Did you perhaps stand on that span in -14 degree weather and undergo a pagan ceremony binding you to another?
Did I, you ask? No, I didn’t. Anyway, that would be insane. Yes, definitely, it would be a cold day in January before I or anyone I claim as kin would do as you suggest. cm
It’s the Merriam Street bridge. I took your hint and did the research,what a cool bridge website!
Elizabeth, Glad you like the site. Did you see the high railroad bridge south of Marine that acrophobic Dave had to cross while courting Miriam in order to save face?CM
Are you saying your two pretty little chickens have died?? Which leads me to wonder, what is the life expectancy of a chicken, anyway?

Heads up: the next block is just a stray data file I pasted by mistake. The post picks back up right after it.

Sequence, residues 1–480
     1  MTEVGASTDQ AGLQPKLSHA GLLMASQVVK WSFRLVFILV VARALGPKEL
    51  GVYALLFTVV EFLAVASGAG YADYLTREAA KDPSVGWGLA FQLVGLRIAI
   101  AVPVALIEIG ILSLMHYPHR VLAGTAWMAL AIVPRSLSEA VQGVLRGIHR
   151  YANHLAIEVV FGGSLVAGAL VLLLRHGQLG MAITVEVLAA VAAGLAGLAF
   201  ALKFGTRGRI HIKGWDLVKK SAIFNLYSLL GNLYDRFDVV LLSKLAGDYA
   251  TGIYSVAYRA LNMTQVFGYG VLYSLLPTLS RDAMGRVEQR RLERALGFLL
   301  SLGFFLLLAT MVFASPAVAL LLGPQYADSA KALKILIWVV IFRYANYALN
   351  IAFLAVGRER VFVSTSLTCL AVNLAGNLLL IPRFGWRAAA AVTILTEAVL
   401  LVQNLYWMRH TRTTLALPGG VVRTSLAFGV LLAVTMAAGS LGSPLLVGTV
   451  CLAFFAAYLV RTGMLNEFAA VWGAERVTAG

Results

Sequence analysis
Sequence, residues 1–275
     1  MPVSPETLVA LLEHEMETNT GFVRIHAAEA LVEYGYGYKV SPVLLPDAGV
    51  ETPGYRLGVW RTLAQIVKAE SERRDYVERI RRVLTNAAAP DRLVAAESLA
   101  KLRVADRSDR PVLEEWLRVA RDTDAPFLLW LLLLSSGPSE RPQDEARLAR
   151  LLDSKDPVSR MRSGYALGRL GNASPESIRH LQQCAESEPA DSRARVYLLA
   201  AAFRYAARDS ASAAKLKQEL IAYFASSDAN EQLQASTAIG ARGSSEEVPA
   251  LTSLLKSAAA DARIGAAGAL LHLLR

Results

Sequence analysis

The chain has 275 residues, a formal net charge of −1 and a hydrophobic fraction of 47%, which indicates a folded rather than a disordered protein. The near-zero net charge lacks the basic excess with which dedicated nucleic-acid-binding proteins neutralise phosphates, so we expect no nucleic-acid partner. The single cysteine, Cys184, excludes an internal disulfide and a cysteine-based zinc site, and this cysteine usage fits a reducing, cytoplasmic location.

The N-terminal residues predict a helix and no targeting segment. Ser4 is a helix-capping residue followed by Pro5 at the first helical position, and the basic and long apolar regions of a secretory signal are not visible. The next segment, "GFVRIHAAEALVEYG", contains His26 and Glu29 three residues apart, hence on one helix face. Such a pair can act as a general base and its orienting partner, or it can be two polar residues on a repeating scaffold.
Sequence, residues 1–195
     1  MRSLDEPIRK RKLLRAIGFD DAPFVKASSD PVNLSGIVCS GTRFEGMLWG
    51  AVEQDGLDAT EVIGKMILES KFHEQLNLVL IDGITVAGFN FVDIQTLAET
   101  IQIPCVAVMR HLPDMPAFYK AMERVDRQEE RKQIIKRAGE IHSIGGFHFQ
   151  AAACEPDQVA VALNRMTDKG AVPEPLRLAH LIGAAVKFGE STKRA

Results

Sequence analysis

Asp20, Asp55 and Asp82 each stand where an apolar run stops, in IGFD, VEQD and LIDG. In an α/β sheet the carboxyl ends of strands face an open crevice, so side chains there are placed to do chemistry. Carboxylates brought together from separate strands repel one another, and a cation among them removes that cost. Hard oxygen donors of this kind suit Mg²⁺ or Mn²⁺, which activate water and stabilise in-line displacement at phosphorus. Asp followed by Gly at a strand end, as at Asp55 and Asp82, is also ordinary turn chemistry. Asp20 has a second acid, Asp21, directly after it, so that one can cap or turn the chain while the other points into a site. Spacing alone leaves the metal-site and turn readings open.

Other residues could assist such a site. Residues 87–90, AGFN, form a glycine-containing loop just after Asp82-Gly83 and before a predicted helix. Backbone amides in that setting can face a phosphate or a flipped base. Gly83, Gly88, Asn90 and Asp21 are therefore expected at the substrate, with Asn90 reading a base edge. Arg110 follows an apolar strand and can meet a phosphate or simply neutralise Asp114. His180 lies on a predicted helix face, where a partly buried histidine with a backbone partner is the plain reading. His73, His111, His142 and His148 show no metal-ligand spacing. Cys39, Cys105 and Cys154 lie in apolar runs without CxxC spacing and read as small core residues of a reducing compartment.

I won’t even bother to add my answer to the bridge question, since so many have already. Plus, someone else should have a chance to win the swabs.
Carol, Yes, it’s true. Hoogan was ill when we brought her to our family in Stearns Co. and passed soon afterwards. Moonan lived with a new pal for a year beyond in a little coop for two and recently died. So what is the life expectancy of a chicken? Probably depends in part on the breed. I was thinking 4 to 5 years for the ladies but they didn’t last that long. You are generous to share the chance to win in the swab-a-ganza that’s happening throughout the Twin Cities and beyond. Corey